Tag Archives: St. Innocent of Alaska

Many simple people have received.

Whenever I think of St. Innocent of Alaska, I see him in a dogsled or kayak making the rounds to visit his flock, or at a desk creating an alphabet for the language of the Aleuts. But he started life as Ivan Popov, born in a village in Siberia in 1797. When he was six years old his father died, and at the age of ten he entered seminary, “…where the rector renamed him Veniaminov in honor of the recently deceased Bishop Veniamin of Irkutsk.” At the age of twenty he became a deacon, and married, and began to serve at the Annunciation Church in the same village where he had always lived and studied, Irkutsk.

Not long after he was ordained to the priesthood, a call went out for a priest volunteer to become a missionary to the Aleutian Islands, and Father John was the only one willing. It took him and his pregnant wife and small child fourteen months to make the journey; they arrived on the island of Unalaska in 1824.

Father John continued his missionary and pastoral work in Alaska for many decades, during which time he translated parts of the Bible into indigenous languages, designed and built churches with his own hands, and founded a seminary. After his wife died he was tonsured a monk, given the name Innocent, and appointed bishop. Over the course of his life he traveled tens of thousands of miles, sometimes for months at a time, just to keep up with his vast diocese, in which he catechized and baptized more than 10,000 people.

Michael Oleksa writes in Orthodox Alaska, “John Veniaminov was probably the most remarkable Alaskan of his century, perhaps of all time… In popular histories he has often been singled out as the one truly bright spot in the darkness of the Russian-American colony.” His faith and bravery, and his dedication to his flock, are certainly inspiring, but the breadth of his skills in carpentry, clock making and organ building, and his accomplishments as a naturalist and linguist also capture my imagination.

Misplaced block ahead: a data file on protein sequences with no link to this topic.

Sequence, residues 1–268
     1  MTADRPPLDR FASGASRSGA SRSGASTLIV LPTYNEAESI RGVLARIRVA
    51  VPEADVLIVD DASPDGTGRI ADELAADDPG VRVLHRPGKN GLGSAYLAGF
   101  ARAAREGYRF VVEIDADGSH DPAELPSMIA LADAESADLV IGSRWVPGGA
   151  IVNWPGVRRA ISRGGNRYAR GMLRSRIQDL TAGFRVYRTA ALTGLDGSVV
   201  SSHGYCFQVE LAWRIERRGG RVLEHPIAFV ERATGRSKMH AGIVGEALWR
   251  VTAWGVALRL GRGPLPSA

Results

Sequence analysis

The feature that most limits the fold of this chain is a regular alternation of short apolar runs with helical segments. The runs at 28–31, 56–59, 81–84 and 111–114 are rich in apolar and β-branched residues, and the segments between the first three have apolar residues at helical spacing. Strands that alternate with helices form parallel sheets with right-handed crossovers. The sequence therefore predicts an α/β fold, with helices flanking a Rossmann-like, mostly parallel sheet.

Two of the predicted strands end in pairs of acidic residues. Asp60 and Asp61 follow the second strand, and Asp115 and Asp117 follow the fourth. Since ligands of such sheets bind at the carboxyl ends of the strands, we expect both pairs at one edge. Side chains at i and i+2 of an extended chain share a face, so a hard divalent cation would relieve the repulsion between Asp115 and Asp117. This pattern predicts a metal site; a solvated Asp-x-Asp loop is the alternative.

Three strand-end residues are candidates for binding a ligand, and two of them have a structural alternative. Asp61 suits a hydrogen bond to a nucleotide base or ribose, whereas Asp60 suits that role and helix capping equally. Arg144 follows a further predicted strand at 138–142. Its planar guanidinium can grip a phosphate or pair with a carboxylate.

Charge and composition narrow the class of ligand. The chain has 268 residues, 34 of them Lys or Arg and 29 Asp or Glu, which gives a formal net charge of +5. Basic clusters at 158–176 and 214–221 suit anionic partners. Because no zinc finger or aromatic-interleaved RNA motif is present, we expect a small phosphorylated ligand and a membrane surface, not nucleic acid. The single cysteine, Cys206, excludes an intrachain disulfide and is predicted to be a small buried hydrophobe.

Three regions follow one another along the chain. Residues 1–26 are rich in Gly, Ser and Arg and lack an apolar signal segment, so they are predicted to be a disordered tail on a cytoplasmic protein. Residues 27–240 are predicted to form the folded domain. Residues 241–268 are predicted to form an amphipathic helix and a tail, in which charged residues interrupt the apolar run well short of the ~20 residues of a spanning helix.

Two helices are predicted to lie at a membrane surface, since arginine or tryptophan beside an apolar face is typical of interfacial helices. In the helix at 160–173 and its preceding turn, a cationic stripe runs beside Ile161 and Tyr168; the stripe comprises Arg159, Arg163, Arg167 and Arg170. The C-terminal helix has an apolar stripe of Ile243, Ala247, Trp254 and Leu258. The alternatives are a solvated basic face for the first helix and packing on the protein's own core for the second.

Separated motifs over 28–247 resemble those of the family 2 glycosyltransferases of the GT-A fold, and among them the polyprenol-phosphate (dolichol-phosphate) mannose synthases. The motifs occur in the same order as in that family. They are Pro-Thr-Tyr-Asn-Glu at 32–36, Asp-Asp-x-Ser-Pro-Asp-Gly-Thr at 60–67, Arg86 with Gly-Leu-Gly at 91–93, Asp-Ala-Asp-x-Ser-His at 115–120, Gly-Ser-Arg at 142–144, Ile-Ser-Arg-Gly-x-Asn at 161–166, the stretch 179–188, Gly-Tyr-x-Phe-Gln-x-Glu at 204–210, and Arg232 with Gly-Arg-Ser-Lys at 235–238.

St. Michael’s Cathedral, Sitka, before 1895

About his linguistic study of the Aleutian-Fox language, Fr. John wrote, “In compiling the grammar of a language like the Aleutian, at first I deemed it to be useless; I knew it was of no use to the Aleuts, for without this grammar they can express themselves correctly to each other; neither was it of any particular value to foreigners. But knowing with what… eagerness many scientists are collecting all sorts of information, and how important every little discovery is to them, I decided to compile a grammar… It cannot be possible that the Aleutian language had any other spoken tongue similar to it, but that the grammar could show some evidence of its origin.”

Sketch by Louis Choris – 19th century

The quote above comes to us from Fr. Andrew Kashevarov, whom Oleksa also quotes about Fr. John’s naturalist studies: “Having thoroughly acquainted himself with the fauna of the islands, especially the fur seal… he offered as a result of his extensive investigations certain valuable suggestions to the fur company for more sensible and scientific modes for harvesting these animals. The suggestions were accepted and applied, and not only saved the seal herd from depletion, but also from complete extermination….”

When as a priest he was transferred to Sitka, he designed and built St. Michael’s Cathedral, which continues as a house of worship today. I wonder if I might one day visit this church… I haven’t read all of Orthodox Alaska, but stories of St. Herman and St. Innocent, and accounts of friends who have visited, are seeds that could sprout into my own tiny adventure.

I started writing what I intended to be a short introduction, on the feast day of the canonization of St. Innocent, to a quote from him that I found in our church bulletin. I began to wonder if the quote (below) was from the guide Fr. John wrote in Aleut and Russian in 1901, Indication of the Pathway into the Kingdom of Heaven. I discovered that the whole article on the Christian life is available to read on the site linked, but the quote doesn’t seem to be from that work.